Patients with irritable bowel syndrome have greater pain tolerance than normal subjects

Gastroenterology. 1987 Oct;93(4):727-33. doi: 10.1016/0016-5085(87)90434-3.


A low tolerance for pain has been postulated as a factor in the expression of symptoms in patients with irritable bowel syndrome. This has been based on previous work demonstrating reduced intestinal thresholds for rectal pain induced by balloon distention in patients with irritable bowel syndrome. As the disease may alter the rectal response to distention, inferences regarding pain perception and reporting behavior cannot be drawn from these data. In this study, using electrocutaneous stimulation, we found that patients with irritable bowel syndrome had pain reporting behavior comparable to patients with Crohn's disease. Both patient groups were less likely than normals to report a noxious stimulus as painful. This suggests that pain perception and reporting is attenuated in patients with chronic abdominal pain and, accordingly, a generalized reduction in the threshold for reporting pain is not a factor in the expression of symptoms in the irritable bowel syndrome.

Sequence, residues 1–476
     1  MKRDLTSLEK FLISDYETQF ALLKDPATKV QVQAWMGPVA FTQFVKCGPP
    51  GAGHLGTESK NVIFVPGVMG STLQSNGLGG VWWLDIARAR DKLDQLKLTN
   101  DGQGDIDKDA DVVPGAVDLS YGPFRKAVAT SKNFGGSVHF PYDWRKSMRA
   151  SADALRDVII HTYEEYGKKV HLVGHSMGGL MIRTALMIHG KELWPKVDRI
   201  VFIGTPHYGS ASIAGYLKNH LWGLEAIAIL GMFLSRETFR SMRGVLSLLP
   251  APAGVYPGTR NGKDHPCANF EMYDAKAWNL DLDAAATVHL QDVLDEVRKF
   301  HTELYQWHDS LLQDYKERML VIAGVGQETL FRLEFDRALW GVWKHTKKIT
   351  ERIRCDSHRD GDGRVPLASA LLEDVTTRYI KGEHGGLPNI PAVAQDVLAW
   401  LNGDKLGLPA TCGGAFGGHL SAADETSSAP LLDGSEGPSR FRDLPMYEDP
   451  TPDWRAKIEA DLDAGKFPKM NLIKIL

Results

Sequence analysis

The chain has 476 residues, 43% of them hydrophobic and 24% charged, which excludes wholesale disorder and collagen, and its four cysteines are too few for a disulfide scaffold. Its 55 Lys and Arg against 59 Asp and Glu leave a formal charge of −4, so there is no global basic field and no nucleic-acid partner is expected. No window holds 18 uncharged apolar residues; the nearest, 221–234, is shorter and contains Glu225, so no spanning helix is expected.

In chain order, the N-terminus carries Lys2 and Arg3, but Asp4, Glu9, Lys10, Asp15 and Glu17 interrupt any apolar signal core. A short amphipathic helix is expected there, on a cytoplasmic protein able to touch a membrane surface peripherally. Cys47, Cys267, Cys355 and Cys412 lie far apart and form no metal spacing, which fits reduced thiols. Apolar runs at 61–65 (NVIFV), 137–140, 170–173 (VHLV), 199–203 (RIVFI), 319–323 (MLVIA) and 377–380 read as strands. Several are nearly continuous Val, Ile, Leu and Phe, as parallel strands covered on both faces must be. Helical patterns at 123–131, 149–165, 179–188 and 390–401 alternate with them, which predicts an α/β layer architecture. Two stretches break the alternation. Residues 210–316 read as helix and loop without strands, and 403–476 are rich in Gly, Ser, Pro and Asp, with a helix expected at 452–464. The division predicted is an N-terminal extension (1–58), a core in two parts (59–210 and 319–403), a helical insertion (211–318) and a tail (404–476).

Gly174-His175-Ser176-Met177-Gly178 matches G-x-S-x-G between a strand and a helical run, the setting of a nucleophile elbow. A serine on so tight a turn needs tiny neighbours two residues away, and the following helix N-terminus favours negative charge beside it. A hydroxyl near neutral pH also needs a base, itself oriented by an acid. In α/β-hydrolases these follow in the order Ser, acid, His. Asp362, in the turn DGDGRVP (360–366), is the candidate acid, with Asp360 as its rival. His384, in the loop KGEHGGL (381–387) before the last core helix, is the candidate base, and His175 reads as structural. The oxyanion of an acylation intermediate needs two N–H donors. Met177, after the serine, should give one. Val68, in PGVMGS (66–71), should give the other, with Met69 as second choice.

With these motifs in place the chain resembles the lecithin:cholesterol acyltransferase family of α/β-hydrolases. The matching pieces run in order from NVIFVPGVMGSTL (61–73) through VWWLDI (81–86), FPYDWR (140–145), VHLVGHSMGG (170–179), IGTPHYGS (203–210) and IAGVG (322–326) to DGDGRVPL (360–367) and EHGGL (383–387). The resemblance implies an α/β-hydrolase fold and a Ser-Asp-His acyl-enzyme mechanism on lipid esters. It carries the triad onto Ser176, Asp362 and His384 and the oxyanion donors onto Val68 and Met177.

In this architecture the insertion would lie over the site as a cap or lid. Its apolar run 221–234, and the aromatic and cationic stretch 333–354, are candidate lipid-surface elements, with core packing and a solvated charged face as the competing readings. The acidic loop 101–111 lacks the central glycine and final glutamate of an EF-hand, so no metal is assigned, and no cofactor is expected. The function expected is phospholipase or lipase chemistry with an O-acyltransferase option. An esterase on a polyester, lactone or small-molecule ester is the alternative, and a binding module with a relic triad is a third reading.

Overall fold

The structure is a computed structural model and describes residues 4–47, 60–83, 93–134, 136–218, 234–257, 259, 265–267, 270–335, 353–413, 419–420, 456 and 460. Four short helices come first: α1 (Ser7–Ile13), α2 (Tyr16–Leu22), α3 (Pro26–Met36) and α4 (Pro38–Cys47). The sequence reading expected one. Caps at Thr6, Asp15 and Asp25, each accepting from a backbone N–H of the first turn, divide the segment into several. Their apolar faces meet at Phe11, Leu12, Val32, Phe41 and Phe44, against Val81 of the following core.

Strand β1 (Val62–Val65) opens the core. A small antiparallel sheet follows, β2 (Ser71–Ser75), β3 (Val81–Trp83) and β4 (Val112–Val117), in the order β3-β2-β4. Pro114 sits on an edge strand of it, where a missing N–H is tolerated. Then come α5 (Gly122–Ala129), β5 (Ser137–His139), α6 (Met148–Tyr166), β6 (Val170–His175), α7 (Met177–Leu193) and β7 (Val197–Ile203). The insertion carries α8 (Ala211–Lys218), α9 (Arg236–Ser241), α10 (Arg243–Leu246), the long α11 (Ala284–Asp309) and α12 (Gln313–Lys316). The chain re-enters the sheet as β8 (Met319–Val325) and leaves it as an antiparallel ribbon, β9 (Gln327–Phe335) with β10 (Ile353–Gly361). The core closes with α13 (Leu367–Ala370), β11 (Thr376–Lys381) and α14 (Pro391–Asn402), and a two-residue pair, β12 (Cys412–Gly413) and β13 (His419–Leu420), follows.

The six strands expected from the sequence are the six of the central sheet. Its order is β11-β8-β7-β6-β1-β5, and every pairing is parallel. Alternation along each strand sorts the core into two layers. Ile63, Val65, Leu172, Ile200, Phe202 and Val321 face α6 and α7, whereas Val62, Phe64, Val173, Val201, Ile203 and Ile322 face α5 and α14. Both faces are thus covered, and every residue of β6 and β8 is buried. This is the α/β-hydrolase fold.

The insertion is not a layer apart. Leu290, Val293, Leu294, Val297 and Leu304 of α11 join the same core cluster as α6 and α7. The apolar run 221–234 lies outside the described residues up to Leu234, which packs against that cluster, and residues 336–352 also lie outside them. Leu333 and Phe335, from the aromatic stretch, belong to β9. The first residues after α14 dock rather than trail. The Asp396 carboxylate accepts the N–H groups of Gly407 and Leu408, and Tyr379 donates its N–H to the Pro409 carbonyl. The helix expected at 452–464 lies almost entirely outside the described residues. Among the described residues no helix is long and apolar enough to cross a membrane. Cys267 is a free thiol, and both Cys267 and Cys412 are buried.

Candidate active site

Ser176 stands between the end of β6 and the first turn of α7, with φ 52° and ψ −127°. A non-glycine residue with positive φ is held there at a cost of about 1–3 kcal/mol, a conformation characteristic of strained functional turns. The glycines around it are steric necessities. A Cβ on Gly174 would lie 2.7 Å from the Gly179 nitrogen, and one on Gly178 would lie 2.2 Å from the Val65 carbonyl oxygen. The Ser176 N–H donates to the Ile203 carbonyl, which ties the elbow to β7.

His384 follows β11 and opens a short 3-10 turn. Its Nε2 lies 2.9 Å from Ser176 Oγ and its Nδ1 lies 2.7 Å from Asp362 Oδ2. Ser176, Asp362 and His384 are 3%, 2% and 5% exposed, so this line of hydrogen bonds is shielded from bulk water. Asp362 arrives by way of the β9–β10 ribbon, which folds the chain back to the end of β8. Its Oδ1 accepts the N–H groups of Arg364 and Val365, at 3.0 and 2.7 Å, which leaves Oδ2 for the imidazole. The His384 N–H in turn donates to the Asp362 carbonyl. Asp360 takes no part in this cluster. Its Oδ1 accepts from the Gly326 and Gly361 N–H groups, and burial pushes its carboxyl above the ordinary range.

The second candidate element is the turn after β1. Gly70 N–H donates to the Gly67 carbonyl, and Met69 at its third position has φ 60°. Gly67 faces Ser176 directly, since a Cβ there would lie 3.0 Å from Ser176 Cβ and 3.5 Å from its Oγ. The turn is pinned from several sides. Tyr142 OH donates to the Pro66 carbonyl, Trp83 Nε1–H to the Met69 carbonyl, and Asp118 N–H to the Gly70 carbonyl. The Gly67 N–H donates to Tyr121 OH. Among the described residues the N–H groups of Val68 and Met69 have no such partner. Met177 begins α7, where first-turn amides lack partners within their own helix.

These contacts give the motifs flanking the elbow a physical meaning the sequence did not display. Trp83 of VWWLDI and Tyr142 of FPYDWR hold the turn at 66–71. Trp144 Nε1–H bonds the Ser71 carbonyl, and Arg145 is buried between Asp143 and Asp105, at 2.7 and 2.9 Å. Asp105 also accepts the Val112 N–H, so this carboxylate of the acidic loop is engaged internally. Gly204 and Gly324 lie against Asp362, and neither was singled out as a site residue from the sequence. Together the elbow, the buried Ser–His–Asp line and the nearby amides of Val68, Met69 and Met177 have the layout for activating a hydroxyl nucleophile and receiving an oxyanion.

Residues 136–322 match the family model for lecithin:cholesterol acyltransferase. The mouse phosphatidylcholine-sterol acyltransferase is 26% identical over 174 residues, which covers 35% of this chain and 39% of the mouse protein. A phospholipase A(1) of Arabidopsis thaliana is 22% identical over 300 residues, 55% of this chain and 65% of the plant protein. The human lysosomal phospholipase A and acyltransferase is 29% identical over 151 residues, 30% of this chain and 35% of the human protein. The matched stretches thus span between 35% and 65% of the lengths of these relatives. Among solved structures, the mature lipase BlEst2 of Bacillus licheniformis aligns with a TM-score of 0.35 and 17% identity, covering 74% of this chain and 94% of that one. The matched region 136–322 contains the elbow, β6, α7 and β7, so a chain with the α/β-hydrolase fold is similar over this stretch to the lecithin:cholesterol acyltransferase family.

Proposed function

Publication types

  • Comparative Study
  • Research Support, Non-U.S. Gov't

MeSH terms

  • Abdomen
  • Adult
  • Colonic Diseases, Functional / physiopathology*
  • Colonic Diseases, Functional / psychology
  • Crohn Disease / physiopathology
  • Electric Stimulation
  • Female
  • Humans
  • Male
  • Pain / physiopathology*
  • Personality Inventory
  • Rectum / physiopathology*
  • Sensory Thresholds
  • Skin / physiopathology